It took a very long time for anything to legally happen, some up to a decade. I guess Merck was not alone with ghostwriters, as other incidents are now beginning to surface. Under an amount of pressure recently, the FDA is establishing timelines for disqualifications, and now with additional funds, there’s some great software that can help track these issues before they go years being unnoticed or not addressed. BD
June 6 (Bloomberg) -- U.S. regulators have barred seven doctors from conducting clinical trials of drugs and medical devices so far this year, as many as in the three previous years combined, after lawmakers complained about delays in discipline. The Food and Drug Administration disqualifies researchers that the agency finds were involved in misconduct, including falsifying results, during studies. Among those banned this year, according to the FDA's Web site, was Maria Anne Kirkman Campbell, who pleaded guilty to fraud in 2003 in connection with a study on a Sanofi-Aventis SA antiobiotic.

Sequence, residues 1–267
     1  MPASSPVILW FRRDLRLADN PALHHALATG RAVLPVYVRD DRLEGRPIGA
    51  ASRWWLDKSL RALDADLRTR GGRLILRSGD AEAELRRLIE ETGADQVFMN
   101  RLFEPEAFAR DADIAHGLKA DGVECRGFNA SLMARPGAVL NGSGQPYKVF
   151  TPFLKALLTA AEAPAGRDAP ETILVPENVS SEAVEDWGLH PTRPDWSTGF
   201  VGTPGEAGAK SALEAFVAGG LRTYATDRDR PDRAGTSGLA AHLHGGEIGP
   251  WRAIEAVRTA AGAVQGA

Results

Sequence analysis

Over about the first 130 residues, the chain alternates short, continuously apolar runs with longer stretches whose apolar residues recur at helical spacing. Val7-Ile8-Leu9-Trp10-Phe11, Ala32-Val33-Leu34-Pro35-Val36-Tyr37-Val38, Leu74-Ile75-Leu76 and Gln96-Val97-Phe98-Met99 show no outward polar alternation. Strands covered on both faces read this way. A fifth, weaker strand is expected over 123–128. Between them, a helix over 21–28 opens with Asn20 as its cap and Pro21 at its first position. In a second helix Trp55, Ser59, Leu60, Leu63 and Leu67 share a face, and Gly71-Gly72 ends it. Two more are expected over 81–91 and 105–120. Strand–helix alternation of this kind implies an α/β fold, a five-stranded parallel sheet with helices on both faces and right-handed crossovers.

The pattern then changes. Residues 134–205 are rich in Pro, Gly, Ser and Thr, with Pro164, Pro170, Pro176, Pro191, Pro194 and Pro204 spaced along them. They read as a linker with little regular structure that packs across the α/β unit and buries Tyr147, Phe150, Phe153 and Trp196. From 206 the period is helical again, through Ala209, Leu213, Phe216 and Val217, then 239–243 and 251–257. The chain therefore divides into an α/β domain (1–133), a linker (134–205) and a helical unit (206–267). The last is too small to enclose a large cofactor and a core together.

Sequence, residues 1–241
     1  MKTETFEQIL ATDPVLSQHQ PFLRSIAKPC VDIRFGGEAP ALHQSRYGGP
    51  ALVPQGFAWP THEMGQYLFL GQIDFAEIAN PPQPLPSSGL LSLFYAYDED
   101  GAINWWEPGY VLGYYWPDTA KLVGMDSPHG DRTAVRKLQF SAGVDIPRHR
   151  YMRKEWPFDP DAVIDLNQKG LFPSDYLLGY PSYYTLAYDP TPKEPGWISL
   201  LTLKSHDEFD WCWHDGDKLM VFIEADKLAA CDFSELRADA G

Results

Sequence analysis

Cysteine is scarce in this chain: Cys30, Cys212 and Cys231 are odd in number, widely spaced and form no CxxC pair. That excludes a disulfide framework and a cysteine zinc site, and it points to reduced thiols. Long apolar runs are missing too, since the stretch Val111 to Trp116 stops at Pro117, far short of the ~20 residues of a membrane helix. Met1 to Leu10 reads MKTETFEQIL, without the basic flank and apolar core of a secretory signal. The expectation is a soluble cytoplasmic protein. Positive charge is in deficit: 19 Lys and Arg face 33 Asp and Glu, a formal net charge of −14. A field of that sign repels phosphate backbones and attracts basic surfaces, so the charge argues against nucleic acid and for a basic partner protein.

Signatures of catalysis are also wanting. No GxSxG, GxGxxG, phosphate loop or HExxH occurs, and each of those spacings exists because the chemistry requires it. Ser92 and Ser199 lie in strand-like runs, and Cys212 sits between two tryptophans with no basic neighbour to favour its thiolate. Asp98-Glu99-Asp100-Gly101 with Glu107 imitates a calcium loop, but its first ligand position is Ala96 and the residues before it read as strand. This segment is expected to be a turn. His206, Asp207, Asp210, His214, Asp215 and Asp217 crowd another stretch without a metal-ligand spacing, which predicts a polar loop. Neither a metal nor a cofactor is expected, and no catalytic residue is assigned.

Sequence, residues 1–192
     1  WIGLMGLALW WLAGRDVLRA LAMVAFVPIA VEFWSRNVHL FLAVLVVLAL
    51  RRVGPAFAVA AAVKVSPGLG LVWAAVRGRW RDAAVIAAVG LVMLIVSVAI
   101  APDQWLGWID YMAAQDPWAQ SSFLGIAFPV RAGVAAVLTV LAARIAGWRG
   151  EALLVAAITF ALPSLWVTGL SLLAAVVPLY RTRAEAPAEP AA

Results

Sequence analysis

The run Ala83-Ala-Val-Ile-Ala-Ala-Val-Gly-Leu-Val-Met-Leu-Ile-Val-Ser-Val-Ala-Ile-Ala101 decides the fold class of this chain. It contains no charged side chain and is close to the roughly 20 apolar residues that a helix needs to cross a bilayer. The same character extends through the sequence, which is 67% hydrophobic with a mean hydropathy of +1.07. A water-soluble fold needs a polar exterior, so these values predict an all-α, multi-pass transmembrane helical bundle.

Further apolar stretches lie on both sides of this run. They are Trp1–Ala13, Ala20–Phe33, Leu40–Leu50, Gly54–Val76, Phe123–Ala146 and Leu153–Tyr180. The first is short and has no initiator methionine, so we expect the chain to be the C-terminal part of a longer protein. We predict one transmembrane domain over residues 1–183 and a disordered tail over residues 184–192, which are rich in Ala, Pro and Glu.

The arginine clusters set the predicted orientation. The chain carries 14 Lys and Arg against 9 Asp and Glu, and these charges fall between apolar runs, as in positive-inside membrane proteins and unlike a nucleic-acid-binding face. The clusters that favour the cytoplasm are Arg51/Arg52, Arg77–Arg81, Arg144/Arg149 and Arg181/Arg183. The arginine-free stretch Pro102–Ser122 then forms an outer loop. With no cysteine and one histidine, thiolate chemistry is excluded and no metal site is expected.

Campbell, who worked as a family physician, said in a phone interview today from Gadsden, Alabama, that she regretted what she had done, and didn't know that the FDA had banned her from clinical trials. She was accused of fabricating data for the drug Ketek, and pleaded guilty to one count of mail fraud. ``I pretty much succumbed to the pressure that Aventis was putting on me,'' she said. ``My life is ruined. I have no career or anything.''